On the Link between House Prices and House Permits: Asymmetric Evidence from 51 States of the United States of America


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Mohsen Bahmani-Oskooee, Hesam Ghodsi, Muris Hadzic

323 / 361




International Real Estate Review



Increased issuance of housing permits is said to move house prices in either direction. If perceived as an indication of a growing housing supply, house prices are expected to decline (supply hypothesis). However, a larger number of housing permits can also reflect positive expectations about future housing demand which would drive house prices upwards (demand hypothesis). We test these two competing hypotheses by using data from each state in the United States. We estimate linear and non-linear models to test if housing permit issuance determines house prices. The results show support for both the supply and demand hypotheses in the short run for most states but only for the demand hypothesis in the long run. We also uncover asymmetric shortrun and long-run effects in 21 states.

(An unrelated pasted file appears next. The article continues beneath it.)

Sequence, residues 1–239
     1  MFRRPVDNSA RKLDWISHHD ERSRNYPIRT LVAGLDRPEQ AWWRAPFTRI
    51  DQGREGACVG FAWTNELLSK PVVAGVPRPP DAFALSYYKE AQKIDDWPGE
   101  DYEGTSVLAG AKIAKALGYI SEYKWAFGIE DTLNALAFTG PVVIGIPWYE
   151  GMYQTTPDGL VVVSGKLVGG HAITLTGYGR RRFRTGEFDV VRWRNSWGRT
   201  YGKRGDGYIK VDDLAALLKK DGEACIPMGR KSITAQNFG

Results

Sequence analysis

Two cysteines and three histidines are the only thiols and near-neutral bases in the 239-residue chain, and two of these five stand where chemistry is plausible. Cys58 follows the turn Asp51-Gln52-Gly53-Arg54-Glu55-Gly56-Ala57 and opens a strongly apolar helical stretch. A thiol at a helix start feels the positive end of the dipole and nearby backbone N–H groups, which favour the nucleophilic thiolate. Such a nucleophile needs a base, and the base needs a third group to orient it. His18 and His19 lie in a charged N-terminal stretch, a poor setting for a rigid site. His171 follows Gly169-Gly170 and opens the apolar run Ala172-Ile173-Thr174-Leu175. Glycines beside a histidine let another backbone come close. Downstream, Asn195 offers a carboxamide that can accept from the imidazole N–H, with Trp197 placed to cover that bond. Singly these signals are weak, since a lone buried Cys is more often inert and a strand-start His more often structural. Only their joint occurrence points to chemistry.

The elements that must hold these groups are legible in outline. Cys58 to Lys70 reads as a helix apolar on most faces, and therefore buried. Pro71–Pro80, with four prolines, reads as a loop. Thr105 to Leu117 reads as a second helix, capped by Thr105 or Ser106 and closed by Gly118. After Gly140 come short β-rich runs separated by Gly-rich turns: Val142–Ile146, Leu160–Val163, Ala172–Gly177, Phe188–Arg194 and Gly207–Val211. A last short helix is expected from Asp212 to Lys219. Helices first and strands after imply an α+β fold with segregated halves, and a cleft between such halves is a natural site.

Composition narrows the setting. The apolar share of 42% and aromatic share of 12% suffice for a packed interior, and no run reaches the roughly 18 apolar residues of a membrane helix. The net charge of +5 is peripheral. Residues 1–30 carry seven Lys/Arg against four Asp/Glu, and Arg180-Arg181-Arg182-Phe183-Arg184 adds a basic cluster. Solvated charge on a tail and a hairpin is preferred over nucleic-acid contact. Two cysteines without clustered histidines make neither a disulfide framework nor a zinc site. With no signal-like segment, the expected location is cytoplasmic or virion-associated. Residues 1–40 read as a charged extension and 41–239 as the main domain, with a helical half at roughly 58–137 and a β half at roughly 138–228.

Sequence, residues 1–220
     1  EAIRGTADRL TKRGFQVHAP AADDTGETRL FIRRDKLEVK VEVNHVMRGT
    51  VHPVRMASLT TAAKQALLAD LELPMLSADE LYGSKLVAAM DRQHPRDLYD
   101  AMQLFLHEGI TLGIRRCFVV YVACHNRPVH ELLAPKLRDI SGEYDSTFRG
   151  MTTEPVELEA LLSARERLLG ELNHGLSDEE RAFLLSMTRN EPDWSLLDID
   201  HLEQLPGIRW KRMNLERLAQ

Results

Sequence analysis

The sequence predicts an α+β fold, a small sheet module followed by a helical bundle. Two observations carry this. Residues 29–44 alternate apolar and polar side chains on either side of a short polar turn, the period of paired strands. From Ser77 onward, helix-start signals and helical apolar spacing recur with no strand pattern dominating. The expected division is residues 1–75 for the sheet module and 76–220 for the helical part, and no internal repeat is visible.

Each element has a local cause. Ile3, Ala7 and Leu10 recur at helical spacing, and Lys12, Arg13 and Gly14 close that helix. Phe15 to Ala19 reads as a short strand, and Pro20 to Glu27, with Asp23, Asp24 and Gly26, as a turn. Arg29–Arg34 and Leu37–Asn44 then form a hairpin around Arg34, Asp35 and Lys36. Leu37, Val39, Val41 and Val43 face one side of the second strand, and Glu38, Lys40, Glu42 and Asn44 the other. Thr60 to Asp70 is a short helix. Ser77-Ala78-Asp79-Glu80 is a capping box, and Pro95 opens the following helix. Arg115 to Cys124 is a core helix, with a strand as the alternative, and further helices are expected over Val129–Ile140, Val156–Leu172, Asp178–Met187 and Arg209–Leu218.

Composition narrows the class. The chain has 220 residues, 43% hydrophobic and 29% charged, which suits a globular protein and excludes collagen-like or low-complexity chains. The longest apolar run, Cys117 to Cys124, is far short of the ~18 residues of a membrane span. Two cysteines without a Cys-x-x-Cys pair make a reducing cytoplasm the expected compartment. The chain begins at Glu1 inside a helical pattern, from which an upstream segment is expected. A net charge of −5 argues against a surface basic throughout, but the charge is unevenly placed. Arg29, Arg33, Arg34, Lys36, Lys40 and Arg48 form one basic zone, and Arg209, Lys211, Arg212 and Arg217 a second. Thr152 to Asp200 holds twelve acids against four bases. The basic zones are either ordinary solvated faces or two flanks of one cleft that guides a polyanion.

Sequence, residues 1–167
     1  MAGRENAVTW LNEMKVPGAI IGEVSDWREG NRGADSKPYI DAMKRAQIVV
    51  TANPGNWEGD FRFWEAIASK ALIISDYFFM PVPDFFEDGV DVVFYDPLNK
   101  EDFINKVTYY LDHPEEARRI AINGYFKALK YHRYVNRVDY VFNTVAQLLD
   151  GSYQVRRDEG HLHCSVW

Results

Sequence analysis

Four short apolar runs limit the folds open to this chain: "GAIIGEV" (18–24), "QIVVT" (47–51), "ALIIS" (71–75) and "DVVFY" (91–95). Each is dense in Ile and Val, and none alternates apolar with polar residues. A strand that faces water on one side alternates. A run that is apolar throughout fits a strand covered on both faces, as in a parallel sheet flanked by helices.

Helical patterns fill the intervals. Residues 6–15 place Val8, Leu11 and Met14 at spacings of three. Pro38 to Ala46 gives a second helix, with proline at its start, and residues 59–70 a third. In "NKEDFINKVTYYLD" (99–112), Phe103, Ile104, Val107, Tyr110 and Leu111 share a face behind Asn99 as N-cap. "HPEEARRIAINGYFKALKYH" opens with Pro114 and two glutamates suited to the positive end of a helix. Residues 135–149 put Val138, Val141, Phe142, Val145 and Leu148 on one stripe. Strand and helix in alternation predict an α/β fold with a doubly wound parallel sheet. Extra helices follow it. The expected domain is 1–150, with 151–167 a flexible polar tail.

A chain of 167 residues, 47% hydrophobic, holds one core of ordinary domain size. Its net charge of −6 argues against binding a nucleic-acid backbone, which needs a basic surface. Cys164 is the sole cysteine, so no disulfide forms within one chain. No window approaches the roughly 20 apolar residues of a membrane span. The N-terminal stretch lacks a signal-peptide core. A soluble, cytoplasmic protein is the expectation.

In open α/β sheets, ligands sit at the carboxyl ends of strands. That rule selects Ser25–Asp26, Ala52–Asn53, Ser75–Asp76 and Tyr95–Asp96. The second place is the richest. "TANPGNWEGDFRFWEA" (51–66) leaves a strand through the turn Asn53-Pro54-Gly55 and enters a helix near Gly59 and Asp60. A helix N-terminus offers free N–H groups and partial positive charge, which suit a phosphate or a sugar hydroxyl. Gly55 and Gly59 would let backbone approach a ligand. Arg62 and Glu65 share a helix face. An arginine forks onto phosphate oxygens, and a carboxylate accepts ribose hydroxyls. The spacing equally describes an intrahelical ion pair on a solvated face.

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House Prices, House Permits, Nonlinear ARDL Approach, Asymmetry